EASLEY — There are few things as frustrating as pulling up to a train crossing only to realize: Hey, wait a minute … that train’s not even moving …
And in Easley, it’s been happening a lot.
The blocked intersections — specifically Dennis Drive — create hassles and delays for drivers who have taken to social media to vent their frustrations.
“I don’t understand why the city keeps allowing this to happen,” wrote one angry resident. “It would be one thing if this was a once in a while occurrence — but this is happening all the time now.”
The problem is, the city doesn’t own the tracks — Norfolk Southern does.
A spokesperson with the railroad company said the delays were due to an influx at the train yard and while they were aware of the issue, and are “working on solutions,” the situation is unlikely to change any time soon.
Basically, when you have a train of 60 or so cars, there’s only so many places you can park them — and Easley has two tracks.
Over in Central, they’re having the same problem.
“Norfolk Southern Railroad spoke with Town officials today regarding the abandoned train and cars blocking intersections in town last week,” officials stated. “Norfolk assured us they are doing everything they can to address the issue within Pickens, Greenville and Spartanburg Counties. Due to an influx in the yard they are placing cars where they can in the counties and will work toward resolving the issue as they can.”
Officials also wanted to allay fears that the blocked intersection could prove dangerous if a fire broke out on the other side by assuring residents who expressed doubt the fire engines could fit through the under-pass.
“In the event of a fire emergency, our Volunteer Fire Department could reach you regardless of which side of the track you reside on,” they said.
In the meantime, Rep. Neal Collins took to his Facebook page urging residents to be patient.
“I have been in contact with Norfolk Southern. A Norfolk employee visited Easley this week, he wrote. “Good news: Norfolk is aware of Dennis Dr. being blocked routinely recently. They are working on solutions, including parking the trains before Easley on the south side. The reason trains are parking is good — business is so backed up it’s taking more time to load and unload all along the track.”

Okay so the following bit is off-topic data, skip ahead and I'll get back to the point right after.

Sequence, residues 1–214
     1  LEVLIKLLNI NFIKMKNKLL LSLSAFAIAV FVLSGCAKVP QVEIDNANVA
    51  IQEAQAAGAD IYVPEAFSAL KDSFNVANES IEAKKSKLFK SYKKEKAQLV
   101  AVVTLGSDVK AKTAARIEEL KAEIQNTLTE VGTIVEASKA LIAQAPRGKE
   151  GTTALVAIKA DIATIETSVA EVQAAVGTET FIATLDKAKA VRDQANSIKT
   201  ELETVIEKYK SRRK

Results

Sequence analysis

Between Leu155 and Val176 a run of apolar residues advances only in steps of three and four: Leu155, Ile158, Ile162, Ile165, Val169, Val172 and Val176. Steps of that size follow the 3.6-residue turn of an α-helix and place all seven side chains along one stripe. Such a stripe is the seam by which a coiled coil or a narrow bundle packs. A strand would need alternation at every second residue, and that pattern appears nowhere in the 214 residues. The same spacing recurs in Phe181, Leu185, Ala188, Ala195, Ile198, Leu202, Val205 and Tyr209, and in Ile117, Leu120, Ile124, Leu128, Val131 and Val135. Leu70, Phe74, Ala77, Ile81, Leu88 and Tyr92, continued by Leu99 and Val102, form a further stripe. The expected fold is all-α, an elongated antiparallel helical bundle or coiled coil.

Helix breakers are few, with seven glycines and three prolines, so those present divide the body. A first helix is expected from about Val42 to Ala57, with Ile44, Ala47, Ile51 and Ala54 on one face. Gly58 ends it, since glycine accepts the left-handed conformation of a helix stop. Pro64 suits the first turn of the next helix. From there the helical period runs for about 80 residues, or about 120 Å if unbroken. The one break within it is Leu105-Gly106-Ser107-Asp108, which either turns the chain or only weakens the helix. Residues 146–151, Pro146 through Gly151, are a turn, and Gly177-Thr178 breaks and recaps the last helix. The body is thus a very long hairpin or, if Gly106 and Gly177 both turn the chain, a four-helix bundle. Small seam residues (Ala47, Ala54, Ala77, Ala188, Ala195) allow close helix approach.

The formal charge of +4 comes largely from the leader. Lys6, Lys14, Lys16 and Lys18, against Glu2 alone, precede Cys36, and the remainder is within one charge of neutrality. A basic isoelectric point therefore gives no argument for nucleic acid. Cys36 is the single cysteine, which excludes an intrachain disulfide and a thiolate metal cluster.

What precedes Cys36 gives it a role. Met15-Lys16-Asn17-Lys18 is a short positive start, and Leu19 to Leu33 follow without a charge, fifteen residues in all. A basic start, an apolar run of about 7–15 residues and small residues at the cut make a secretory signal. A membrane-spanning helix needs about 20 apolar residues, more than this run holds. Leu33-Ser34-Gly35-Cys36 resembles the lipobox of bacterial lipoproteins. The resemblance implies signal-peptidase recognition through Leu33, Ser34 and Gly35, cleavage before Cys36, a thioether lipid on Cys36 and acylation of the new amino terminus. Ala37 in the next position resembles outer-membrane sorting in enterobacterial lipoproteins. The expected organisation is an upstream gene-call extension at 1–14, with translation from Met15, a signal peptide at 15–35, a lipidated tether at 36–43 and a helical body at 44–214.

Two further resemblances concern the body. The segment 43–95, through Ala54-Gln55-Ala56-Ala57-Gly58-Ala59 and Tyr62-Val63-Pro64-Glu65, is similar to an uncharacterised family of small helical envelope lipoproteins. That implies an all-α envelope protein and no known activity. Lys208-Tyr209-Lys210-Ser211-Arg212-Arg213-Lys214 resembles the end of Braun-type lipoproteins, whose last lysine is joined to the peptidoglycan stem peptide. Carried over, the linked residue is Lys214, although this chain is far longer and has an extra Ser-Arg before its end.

Collins said the solution unfortunately is more complex than just “avoid Easley.”
“A train has to park and fit where there are two tracks. ‘Fit’ means around 60 cars,” Collins wrote. “There are only so many places between Charlotte and Atlanta available. I’ve had a few complain that trains are sitting for days — in fact, it’s different trains. At times, the line is so backed up, a train will simply move into the parked spot as soon as it can.”
The last comment sparked a bit of controversy as residents then began snapping photos of the graffiti on the trains in an effort to prove Norfolk Southern wrong — that they’re the same trains.
It wasn’t long before the hashtag “#sametrain” began trending on community Facebook pages and Instagram accounts.
But it’s not just drivers who are annoyed, residents on the West end of Easley say when the trains park over by the Wilbur Street crossing (behind the Miracle Hill shopping plaza) it can completely cut them off.
“I don’t have a car and I walk up to the Dollar General for my groceries all the time,” said 41-year-old Tonya Littleton. “When there’s a train parked there, I’m stuck. I can’t walk all the way over to downtown — the train wasn’t moving, so I just ducked between the cars.”
It’s an incredibly dangerous thing to do.
Last Summer, an Atlanta man was killed while trying do the same thing Littleton was after his foot got stuck — and the train started moving.
In that situation, officials pleaded their case to the railroad company who agreed to stop parking trains at that particular intersection.
Problem is, they still have to park somewhere …